No.

%

Coagulase negative staphylococcal species (n=8)

No.

%

Methicillin Resistant Staphylococcus aureus (MRSA)

17

37

Methicillin Resistant

0

0

Methicillin Sensitive Staphylococcus aureus (MSSA)

29

63

Methicillin Sensitive

8

100

Total

46

100

Total

8

100


Among MRSA, maximum resistance was observed for Ofloxacin and clindamycin. No resistance was encountered for Amikacin, Netilmicin, Chloramphenicol, Fusidic acid, Vancomycin and Teicoplanin. The difference in resistance pattern between Ciprofloxacin and Gentamicin among MRSA strains is not statistically significant (p-value> 0.05).

Among the Pseudomonas aeruginosa isolates maximum resistance was found for Ciprofloxacin (74.2%) followed by Gentamicin and Netilmicin (63.6% each), Ofloxacin (54.5%), Cefotaxime and Ceftazidime (48.5% each) and lastly Amikacin (41%). The lone isolate of Pseudomonas aeruginosawas found resistant to Piperacillin + Tazobactam. On statistical analysis, the difference between resistance pattern against Ceftazidime and Piperacillin + Tazobactam is highly significant (p value < 0.001). However, no statistically signicant difference in the resistance pattern is found between Ciprofloxacin and Gentamicin. No resistance was observed againstImipenem and Meropenem (Table 7).

Table-7: Resistance pattern in Pseudomonas aeruginosa (n=66)

Antibiotics

No.

% Resistance

Ciprofloxacin

49

74.2

Ofloxacin

36

54.5

Gentamicin

42

63.6

Netilmicin

42

63.6

Cefotaxime

32

48.5

Ceftazidime

32

48.5

Amikacin

27

41

Piperacillin + Tazobactam

01

1.5

Imipenem

0

0

Meropenem

0

0


On statistical analysis, the difference in resistance pattern between Escherichia coli and Klebsiella pneumonia for both Ciprofloxacin and Ofloxacin showed p value of 0.010 which is significant (p value < 0.05). No resistance was observed against Amikacin, Imipenem and Meropenem.

All the strains of different Candida species along with control strains of C.albicansandC.parapsilosiswere found to be sensitive to Fluconazole, Itraconazole and Voriconazole by disk diffusion method (Table 8).

Table-8: Antifungal Susceptibility Testing of Yeast by Disk Diffusion Method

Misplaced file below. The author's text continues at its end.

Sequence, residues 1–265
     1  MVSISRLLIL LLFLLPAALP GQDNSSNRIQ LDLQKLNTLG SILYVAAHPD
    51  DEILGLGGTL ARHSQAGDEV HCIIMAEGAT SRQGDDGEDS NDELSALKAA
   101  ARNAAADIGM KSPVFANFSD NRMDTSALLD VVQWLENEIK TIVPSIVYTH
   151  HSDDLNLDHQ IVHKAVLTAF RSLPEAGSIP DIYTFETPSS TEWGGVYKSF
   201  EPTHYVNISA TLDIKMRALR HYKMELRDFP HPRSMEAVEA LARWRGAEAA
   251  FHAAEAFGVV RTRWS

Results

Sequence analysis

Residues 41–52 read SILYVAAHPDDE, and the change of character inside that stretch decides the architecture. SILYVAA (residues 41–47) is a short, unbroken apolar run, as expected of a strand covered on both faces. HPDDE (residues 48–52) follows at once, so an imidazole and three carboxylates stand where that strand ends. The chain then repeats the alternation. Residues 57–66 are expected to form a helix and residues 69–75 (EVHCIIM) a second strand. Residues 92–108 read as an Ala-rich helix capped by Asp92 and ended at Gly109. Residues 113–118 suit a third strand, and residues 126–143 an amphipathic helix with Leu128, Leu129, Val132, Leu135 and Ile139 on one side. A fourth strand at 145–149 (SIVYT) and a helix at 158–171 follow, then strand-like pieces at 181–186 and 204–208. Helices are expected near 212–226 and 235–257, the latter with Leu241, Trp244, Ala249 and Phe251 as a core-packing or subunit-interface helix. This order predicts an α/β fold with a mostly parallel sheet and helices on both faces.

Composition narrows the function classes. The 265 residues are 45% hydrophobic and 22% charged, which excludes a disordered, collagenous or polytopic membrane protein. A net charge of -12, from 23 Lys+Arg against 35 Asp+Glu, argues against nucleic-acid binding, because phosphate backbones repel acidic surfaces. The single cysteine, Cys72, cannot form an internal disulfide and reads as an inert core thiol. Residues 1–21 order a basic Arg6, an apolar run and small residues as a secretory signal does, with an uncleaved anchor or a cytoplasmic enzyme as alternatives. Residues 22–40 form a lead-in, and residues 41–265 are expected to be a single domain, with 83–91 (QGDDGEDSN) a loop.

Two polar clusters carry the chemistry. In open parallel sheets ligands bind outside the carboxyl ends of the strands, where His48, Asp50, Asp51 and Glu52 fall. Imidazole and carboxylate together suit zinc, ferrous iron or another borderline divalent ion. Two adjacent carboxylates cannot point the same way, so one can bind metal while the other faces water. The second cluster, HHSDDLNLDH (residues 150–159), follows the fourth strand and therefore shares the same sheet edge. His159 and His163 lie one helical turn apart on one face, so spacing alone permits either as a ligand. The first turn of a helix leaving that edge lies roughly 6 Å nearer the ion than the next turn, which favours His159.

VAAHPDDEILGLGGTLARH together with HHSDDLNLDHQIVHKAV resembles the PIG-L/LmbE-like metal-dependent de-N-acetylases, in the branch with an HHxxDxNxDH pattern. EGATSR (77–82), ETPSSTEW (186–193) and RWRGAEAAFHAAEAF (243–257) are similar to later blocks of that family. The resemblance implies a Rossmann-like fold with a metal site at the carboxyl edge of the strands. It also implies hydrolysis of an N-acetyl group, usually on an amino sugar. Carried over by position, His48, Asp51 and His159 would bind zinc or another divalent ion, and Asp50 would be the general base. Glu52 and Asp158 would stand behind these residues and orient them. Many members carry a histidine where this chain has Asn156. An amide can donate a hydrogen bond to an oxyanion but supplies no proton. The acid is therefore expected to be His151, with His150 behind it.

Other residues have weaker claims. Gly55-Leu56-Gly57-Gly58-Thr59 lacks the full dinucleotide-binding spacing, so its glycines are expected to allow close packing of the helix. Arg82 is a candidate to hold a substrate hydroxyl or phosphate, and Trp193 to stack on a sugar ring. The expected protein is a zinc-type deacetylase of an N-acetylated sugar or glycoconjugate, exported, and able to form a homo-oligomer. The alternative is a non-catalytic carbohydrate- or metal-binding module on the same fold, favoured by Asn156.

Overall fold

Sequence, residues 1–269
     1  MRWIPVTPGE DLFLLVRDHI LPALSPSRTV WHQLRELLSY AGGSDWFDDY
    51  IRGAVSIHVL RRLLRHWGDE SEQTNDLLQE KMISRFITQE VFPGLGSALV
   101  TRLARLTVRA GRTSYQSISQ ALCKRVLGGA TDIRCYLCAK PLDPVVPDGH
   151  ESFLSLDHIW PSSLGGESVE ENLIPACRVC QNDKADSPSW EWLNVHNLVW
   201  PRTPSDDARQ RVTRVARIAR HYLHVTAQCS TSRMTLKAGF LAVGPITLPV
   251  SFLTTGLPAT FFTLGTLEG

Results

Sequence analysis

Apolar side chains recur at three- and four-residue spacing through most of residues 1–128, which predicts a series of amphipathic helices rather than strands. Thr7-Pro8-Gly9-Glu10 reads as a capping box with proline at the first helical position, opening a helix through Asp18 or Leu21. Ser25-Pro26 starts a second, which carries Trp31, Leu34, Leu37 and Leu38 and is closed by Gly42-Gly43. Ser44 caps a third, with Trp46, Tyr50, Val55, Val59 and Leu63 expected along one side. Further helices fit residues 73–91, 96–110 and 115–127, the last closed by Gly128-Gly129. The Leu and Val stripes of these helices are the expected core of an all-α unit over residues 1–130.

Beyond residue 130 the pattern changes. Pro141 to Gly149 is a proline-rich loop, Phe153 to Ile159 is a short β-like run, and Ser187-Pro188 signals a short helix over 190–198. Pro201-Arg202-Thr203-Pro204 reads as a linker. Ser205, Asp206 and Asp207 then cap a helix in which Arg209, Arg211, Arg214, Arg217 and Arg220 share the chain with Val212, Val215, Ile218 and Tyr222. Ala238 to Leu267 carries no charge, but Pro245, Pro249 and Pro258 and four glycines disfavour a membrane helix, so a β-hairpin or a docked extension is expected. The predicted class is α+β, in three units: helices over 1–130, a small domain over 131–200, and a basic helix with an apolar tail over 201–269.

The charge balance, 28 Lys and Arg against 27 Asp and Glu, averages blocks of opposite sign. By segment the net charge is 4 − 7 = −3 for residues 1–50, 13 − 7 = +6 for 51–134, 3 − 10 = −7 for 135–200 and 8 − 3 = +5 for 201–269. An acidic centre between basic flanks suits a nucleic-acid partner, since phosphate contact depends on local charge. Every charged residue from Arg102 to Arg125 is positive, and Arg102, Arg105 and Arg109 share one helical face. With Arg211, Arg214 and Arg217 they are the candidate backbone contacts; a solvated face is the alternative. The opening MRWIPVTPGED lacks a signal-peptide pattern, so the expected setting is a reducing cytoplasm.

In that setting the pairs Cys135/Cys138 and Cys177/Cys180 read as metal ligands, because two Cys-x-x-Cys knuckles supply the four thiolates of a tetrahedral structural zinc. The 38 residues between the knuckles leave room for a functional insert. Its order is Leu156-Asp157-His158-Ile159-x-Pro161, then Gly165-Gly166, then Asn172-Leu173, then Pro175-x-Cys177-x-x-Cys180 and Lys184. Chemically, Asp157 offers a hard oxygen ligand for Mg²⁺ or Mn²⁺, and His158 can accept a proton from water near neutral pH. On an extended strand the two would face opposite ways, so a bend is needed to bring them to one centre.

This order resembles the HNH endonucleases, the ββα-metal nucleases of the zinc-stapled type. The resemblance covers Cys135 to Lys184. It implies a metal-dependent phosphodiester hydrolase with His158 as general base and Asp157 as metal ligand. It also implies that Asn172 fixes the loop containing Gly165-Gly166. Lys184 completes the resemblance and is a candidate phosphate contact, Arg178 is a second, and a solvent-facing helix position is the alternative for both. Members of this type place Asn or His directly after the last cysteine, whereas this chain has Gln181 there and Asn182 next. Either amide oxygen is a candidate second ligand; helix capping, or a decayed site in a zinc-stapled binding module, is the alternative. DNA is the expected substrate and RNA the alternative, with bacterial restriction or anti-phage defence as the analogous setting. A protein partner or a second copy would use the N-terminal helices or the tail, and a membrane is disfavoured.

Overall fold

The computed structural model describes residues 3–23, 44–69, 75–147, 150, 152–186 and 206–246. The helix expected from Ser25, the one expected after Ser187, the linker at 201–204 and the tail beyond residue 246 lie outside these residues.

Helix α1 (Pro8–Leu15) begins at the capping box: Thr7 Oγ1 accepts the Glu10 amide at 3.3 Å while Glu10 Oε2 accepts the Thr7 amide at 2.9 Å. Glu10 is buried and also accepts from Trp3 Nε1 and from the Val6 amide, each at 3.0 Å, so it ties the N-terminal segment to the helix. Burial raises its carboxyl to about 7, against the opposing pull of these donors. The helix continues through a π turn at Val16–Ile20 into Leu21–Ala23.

Antifungal drugs

Pattern

C.albicans (n=8) No. (%Susceptibility)

C.parapsilosis (n=4) No.% (Susceptibility)

C.tropicalis (n=1) No. (%Susceptibility)

Controls

C.albicans (n=1) No. (%Susceptibility)

C.parapsilosis (n=1) No. (%Susceptibility)

Fluconazole

25µg

S≥19mm

8

(100%)

4

(100%)

1

(100%)

1

(100%)

1

(100%)

SDD 15-18mm

-

-

-

-

-

R≤14mm

-

-

-

-

-

Itraconazole

10µg

S≥23mm

8

(100%)

4

(100%)

1

(100%)

1

(100%)

1

(100%)

SDD 14- 22mm

-

-

-

-

-

R≤13mm

-

-

-

-

 

Voriconazole

1µg

S≥17mm

8

(100%)

4

(100%)

1

(100%)

1

(100%)

1

(100%)

SDD 14-16mm

-

-

-

-

-

R≤13mm

-

-

-

-

-


Discussion

Ear discharge is a common clinical problem presented by patients in the ENT set up, seen in variety of infectious conditions like diffuse otitis externa, otomycosis, and acute and chronic otitis media [18]. The present study included 180 patients with CSOM attending ENT OPD of a tertiary care hospital from 2011 to 2013. The age groups of the patients ranged from 2 years to 78 years. Maximum number of patients (36.7%) belonged to the age group of 11-20 years, similar to a study by Kumar et alwho reported an incidence of 35% cases in the age group of 11-20 years [19]. Also, study by Agrawal et al reportingan incidence of 62.4 % patients, a study in (Burdwan) India reporting 31.9% and in Malaysia 69.3% patients, among age group less than 20 years showed similar results [20, 21, 22]. However, a few studies in India have reported that patients with age group less than 10 years, are more affected with an incidence ranging from 30%-50% [23,24,25]. As is evident in literature, CSOM is known to affect all age groups making it evident that the age limit might have no significant role to play in the pathological process of the disease.